- Valle de la Muerte: closed since 2018, it looks like that is for renovation. Smart people get in nonetheless, the entrance is within walking distance of San Pedro (thirty minutes) in a bend of the main road towards Calama. The valley is impressive, with its massive sand dunes and rock formations (the alternative entrance through the tunnel, the famous Corniza trail, is closed as well)
- we therefore ended up on an alternative walk. We first visited the Pukara de Quitor, an old fortress with kick-ass views also into the Valle de la Muerte. When you go down into the valley and turn left (following the Corniza trail
, you enter the Quebrado del Diablo (Devil’s canyon) area. There is a small entrance fee, but the trail is worth the while. After crossing a small river you turn right into a labyrinth of salty rocks before you climb the Cerro de la Guacha for great views. If you still have energy left you can decend on the other side towards the church. Take enough water with you
- sandboarding: even with the Valle de la Muerte closed there are plenty of sand dunes left for some adrenaline rides
- Termas de Puritama: on the way to the Tatio geysers you see the signs for these thermal baths, 30 kilometres northeast outside San Pedro only
- Laguna Cejar: the Chilean version of the Dead Sea, this salt lake is one you can float in whilst ‘swimming’. It is 22 kilometres south of San Pedro
- Salar de Uyuni: yes you read that right. This is a four day/three nights excursion into Bolivia to the world famous salt plains. It is an expensive tour, much cheayper of course to do when in Bolivia. But if you are in the area and have the time, why not?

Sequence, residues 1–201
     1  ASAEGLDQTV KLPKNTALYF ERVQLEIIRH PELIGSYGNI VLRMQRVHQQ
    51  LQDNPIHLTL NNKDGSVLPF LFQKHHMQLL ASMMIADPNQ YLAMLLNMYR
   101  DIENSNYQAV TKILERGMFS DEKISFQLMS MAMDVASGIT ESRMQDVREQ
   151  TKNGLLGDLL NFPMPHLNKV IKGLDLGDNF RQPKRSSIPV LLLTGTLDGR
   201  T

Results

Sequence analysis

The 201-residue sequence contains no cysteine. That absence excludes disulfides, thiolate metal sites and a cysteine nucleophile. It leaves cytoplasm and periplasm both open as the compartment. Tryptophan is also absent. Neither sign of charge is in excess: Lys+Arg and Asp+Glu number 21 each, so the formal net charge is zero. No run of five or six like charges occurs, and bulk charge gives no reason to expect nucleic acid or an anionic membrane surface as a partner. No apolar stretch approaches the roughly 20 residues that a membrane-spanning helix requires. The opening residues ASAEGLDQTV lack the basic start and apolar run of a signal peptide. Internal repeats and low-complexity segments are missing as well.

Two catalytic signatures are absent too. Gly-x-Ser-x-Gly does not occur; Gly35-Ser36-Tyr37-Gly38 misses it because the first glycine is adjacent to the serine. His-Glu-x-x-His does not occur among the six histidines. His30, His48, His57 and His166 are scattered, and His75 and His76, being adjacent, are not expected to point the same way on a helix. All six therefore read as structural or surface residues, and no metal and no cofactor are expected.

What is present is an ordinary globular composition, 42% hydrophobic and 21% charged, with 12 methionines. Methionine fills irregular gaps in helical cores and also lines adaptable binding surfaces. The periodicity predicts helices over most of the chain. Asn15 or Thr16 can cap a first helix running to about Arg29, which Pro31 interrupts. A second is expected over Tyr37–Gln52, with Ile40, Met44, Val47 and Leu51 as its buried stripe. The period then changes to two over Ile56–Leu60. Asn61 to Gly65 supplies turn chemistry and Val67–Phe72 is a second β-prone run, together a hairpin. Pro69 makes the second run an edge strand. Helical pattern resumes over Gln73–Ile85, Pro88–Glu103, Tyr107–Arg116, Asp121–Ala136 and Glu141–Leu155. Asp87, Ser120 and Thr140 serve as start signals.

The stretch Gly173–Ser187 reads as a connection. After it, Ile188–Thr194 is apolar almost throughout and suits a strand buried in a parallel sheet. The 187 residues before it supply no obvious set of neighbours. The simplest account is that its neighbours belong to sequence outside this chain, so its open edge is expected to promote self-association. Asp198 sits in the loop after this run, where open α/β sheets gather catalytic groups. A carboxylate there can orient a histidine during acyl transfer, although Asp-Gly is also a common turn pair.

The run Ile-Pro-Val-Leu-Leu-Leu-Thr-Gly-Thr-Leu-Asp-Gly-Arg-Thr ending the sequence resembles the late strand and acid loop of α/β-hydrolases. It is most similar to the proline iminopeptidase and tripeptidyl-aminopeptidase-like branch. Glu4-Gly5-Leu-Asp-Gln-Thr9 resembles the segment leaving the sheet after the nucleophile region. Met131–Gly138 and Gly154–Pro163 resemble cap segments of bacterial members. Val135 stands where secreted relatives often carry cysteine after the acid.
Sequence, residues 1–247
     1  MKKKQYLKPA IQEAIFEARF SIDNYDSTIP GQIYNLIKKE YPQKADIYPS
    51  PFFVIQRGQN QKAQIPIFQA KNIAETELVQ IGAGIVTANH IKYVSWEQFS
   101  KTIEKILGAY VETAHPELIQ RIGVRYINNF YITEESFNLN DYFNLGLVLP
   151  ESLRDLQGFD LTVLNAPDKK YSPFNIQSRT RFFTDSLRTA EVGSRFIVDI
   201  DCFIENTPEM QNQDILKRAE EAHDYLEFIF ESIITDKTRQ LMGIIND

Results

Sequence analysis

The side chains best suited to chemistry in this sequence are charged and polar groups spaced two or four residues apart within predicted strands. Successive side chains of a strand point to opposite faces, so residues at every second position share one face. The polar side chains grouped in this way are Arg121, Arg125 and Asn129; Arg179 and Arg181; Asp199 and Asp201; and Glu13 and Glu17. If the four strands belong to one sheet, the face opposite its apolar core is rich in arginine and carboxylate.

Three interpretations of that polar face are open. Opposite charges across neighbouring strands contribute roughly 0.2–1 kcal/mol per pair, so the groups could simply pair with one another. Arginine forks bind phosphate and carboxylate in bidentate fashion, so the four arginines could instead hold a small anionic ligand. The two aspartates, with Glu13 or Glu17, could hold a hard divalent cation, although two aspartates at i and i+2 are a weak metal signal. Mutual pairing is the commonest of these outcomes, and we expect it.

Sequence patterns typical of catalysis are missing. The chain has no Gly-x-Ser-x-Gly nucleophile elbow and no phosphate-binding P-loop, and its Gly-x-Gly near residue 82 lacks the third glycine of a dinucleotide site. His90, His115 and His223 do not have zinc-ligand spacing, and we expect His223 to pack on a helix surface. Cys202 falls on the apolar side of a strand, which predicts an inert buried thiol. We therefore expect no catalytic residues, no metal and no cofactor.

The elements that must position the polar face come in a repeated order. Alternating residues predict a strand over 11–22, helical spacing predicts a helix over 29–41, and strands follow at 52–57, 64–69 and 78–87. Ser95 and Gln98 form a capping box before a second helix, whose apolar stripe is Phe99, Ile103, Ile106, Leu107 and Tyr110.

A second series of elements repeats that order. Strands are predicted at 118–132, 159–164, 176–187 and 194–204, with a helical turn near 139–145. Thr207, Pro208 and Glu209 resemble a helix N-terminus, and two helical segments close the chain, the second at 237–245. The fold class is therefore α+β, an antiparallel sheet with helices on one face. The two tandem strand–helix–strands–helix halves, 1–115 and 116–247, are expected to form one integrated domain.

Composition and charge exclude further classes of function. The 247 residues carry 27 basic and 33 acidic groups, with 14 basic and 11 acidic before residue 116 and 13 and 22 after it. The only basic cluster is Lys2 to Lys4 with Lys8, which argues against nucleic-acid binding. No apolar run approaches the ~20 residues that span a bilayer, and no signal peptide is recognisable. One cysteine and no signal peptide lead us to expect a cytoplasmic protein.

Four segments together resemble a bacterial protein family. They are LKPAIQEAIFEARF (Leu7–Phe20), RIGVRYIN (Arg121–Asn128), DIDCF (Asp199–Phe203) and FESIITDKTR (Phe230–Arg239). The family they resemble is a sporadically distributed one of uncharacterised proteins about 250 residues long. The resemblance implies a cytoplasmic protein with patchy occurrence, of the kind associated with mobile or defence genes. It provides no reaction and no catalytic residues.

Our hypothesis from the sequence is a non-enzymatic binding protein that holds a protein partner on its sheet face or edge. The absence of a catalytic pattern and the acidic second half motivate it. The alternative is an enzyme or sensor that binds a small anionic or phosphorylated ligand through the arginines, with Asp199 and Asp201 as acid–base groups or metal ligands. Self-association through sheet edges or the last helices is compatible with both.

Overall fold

Getting to San Pedro and getting around
- the airport: is in Calama, a ninety-minute drive away from San Pedro. As it is an important industrial town there are several daily flights from Santiago. From the airport shuttles gom directly to San Pedro. To save a bit of money you can take a taxi to the center and there take a regular bus to San Pedro
- bus: the long-distance buses (mostly from Santiago, occasionally other places such as Valparaiso) all go to Calama. Again, from there take a regular bus connection to San Pedro. The bus terminal in San Pedro has a table with an overview of the departure times to Calama. Mind you: there are also bus connections to the Argentinian and even Bolivian side, but less frequent. On our way back from San Pedro we opted against the plane and for the long-distance bus and we wholeheartedly recommend this. The feeling of driving through the barren desert for at least ten to fifteen hours is incredible and has to be experienced
- within the city: you can walk everything, San Pedro is not big. There is no public transport, also not to the nearby tourist sites
- Weather: obviously burning hot during the day. When you go hiking, make sure to have suncream and clothes to cover each bit od your skin if necessary. Chances of rain are absolutely minimal. Strangely enough, because of the height of around 2.000 metres high, it cools down a lot. It can be chilly in the morning and you might ned a sweater, though the sun will restore its superiority quickly enough